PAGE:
There’s something admirable about a talent that doesn’t seek success but attracts it organically.

That’s what happened when Isaac Gracie was discovered after uploading a home recording onto Soundcloud. Isaac sees it as a blessing, but in no way does he pride himself on it. As with many capable musicians, he seems modest enough, but also someone who is always striving for better. “It was a cool experience, but daunting, I had no idea what the music industry was… All of a sudden, you’re weighed down a lot by the pressure of, in some way, competing with Radiohead or Arctic Monkeys.

Being a consumer of music, as opposed to a professional maker of music, is a different world completely. Isaac explains that this change puts you in the same arena as your idols, with the same responsibilities, the privacy of your own music becomes public and brings new challenges to the table. “I couldn’t allow myself any true level of that feeling [pride] because I hadn’t accomplished anything yet, in my own sense of judgement.

April is a big month for Isaac as he’s set to go on his tour, which consists of just under thirty dates within the space of five weeks. It always strikes as quite profound when musicians embark on a tour that holds so many dates in such a seemingly short period of time, something that could be extremely tiring for any “average” person. This isn’t the case for this soulful singer. With his last tour amassing 36 shows over 40 days, Isaac thrives off the restlessness of touring. “I love it, I love being busy, playing shows. That’s what this whole thing is for… I want to be as busy as possible.” The energy and passion for his performances is quite inspiring. “It gives you something to focus on, otherwise you can just twiddle your thumbs and think of all the songs you’re not writing.”

The month also brings the release of his eponymous debut album. This has been in the making for a while and took many different shapes in how it was recorded. The singer-songwriter tells me he’s really happy to be in a position to finally put it out and how it’s an embodiment of his struggles and experiences of the last three years. That’s definitely the impression you receive from listening to his songs. Although Isaac’s lyrics are seemingly poetic in the sense they have a wonderful ability to make you feel something, he recognises he is not a poet by trade or ability (or so he says). He doesn’t see his songs as poetic in the sense that they’re mostly not metaphorical. “The lyrics are on the nail with sentiment as possible, there’s no smoke and mirrors or diverse lexicon.” In other words, the lyrics are raw and real, what you hear is what you get.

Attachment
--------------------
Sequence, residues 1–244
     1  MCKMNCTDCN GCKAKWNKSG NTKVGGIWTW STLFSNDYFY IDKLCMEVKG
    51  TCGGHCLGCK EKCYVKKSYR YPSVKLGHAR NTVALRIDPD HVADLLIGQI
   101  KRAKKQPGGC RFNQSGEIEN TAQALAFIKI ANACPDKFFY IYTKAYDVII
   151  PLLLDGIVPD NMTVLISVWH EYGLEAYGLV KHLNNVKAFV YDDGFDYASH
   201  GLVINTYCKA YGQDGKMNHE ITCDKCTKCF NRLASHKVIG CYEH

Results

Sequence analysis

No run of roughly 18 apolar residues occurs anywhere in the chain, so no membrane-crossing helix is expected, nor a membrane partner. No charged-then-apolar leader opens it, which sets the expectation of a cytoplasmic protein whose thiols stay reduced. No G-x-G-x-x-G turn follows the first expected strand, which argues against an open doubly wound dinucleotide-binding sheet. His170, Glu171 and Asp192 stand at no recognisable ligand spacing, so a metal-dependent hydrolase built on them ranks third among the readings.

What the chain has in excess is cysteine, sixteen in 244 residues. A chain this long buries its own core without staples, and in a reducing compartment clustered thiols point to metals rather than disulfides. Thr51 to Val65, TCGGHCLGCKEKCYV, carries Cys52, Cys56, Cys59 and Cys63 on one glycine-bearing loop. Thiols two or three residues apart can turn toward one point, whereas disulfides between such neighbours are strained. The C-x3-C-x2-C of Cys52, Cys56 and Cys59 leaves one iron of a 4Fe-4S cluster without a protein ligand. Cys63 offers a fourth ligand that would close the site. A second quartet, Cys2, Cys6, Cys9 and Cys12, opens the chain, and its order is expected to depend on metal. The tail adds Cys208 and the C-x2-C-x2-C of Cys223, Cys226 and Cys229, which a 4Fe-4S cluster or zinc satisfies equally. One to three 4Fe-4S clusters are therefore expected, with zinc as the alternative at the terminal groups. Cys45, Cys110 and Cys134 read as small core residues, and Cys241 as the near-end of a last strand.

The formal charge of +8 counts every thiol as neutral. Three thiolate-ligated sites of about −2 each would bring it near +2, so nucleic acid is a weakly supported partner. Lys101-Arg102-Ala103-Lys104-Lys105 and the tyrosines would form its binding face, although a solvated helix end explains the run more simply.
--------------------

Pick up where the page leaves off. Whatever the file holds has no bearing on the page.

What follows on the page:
One fascinating thing about prospering musicians is that each one has a different story to tell, an individual back story of how they came to find music. I find Isaac’s tale interesting, and almost unexpected as he tells me he used to sing in a church choir when he was younger. “I always loved to sing, I loved the beauty and suspension and acoustic of a big reverberant space”. It’s a component that still comes through with his voice today, not in a classical sense but the harmonious and smoothness of his melodies and words.

At aged 14, when Isaac no longer sang in the choir, he taught himself guitar – just for the idea of being able to sing songs he loved. He used it as accompaniment to continue his adoration for singing, and soon enough he stopped doing covers and started writing his own music. He explains to me how initially he wrote songs for his mother. Not in so much that she heard them – because at first, she didn’t – but as a way for him to communicate to her through them. It’s something that comes across as almost endearing: writing songs as an outlet when facing the obstacles that youth brings.

When Isaac and I discuss the future and what hopes he has for his career, he tells me, “We set goals in our life that we don’t speak of and we don’t even allow ourselves to think of really… We just float around unconsciously, getting sent in a direction”. Wise words, maybe we can never really plan our aspirations. Realistically, he wants to carry on playing music and have the opportunity to write and produce that music. ‘’Everything about that equation is really sustaining to who I am as a person and what I joy and pride myself on.” Isaac’s not just incredibly talented musically and vocally, but he comes across as a driven and down-to-earth guy, a person I imagine, or at least hope, will continue to amaze and succeed in what he loves most.

Isaac Gracie will be performing at The Haunt, Brighton on Weds 25 April.